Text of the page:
4 comments:

Elena Greene said...

I like this book too. I can deal with the second part because I don't really mind if people call it angels, girls in the basement or the subconscious mind. It's enough that there's a mysterious place some of the best ideas come from and that there are ways to connect to it, whatever it is.

I don't agree that there's no such thing as writer's block but I think I understand the underlying sentiment: that writer's block shouldn't be an excuse to stop trying to work on a regular schedule.

But sometimes even if I am diligent and persistent, the ideas still don't flow. At that point I know I need to journal or go for a walk, something to get my subconscious mind cooperating again. And then get back to work, of course.

Susan Wilbanks said...

I don't have any problem with other people being mystical about where their ideas come from, it's just that I felt Pressfield was being a bit too dogmatic about his mysticism--that if I didn't buy into his "ideas are out there, we just tap into the great universal well" concept, I was either too proud and self-sufficient or not really artistic/creative.

Which might just be my own issues showing up. I've never been that comfortable with more mystical approaches to spirituality and/or life, so when I feel like someone is pushing it onto me, I push back hard.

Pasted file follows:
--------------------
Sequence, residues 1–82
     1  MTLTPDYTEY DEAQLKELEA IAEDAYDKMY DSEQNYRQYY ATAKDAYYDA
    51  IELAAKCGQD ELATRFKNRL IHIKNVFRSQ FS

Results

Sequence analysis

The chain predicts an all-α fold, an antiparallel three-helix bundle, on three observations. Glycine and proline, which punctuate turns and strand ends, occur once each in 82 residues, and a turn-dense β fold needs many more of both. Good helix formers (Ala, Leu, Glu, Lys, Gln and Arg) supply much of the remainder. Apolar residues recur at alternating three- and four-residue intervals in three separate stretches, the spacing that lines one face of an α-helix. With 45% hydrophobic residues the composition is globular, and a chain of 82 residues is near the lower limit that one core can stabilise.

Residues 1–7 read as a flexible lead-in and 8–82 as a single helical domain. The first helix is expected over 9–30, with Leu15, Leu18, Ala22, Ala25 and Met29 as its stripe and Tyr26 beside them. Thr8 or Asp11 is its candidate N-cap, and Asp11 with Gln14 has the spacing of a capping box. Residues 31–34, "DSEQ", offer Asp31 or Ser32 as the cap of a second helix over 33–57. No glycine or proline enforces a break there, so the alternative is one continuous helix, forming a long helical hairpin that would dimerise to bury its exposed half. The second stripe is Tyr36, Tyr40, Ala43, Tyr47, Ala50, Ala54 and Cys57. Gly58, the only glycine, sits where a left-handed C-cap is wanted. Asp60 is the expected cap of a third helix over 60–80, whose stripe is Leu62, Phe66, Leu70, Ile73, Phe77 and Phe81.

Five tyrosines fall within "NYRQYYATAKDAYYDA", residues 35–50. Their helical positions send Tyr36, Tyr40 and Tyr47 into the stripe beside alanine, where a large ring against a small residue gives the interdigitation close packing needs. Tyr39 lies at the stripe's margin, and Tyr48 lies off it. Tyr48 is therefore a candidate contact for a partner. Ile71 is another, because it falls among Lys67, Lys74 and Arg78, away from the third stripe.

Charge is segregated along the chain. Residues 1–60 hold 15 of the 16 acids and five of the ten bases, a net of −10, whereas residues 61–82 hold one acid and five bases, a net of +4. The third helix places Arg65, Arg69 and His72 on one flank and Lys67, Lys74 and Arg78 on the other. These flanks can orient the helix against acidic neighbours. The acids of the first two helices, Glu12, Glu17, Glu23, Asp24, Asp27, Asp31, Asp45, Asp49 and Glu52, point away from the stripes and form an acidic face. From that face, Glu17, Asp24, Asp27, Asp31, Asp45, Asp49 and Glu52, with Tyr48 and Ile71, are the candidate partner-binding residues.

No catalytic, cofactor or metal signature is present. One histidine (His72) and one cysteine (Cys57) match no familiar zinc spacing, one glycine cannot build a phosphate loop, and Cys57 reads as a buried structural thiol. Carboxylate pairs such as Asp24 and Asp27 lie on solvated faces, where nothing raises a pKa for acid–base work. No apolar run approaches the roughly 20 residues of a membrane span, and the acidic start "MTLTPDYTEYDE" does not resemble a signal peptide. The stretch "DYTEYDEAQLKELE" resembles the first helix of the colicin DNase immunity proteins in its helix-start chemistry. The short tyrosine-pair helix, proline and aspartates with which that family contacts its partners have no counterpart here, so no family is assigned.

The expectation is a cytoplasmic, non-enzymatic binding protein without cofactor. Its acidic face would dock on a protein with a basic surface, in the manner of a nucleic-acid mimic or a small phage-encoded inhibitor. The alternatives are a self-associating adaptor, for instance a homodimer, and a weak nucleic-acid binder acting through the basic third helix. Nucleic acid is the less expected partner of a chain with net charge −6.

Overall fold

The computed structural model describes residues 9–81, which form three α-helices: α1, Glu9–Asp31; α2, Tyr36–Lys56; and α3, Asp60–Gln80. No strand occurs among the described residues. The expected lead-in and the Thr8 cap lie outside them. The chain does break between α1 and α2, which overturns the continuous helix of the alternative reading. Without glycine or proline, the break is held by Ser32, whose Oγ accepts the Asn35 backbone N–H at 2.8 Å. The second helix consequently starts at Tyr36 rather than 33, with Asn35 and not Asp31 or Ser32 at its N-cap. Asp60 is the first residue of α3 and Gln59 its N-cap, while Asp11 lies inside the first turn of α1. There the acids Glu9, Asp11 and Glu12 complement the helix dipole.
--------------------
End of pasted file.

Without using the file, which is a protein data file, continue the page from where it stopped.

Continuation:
The great value for me in deciding that there's no such thing as writer's block is that now when I get stuck, I don't think, "Oh, well, I'm blocked. I can't write until inspiration comes back." Instead, I think, "Well, what's the problem? WHY don't I want to write today?" And if I'm just tired or having a bad day, I'll tell myself, "Just one page, and you can quit." As often as not, the act of writing breaks up the block and I write my normal daily quota. And if I literally can't think of what to say next, I actively try to figure out why I'm stuck and how to get unstuck. E.g. yesterday instead of writing I spent an hour brainstorming with a CP, then wrote up notes on what needs to happen in my next 150 pages or so. Which unfortunately entails completely rewriting the previous 50 pages.